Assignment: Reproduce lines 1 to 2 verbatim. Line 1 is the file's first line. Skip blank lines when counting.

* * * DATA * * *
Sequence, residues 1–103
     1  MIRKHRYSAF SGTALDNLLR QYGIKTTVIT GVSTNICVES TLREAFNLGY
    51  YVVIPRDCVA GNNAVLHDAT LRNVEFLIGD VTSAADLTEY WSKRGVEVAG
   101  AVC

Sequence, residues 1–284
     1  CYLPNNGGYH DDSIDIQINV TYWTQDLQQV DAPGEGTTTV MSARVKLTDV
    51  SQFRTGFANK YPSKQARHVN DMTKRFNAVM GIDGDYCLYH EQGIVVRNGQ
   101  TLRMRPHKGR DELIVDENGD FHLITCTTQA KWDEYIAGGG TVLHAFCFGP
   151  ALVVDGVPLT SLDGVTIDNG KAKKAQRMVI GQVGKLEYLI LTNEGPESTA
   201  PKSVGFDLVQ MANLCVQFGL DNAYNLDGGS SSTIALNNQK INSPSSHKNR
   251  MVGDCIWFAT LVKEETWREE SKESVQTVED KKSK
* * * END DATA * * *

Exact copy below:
Sequence, residues 1–103
     1  MIRKHRYSAF SGTALDNLLR QYGIKTTVIT GVSTNICVES TLREAFNLGY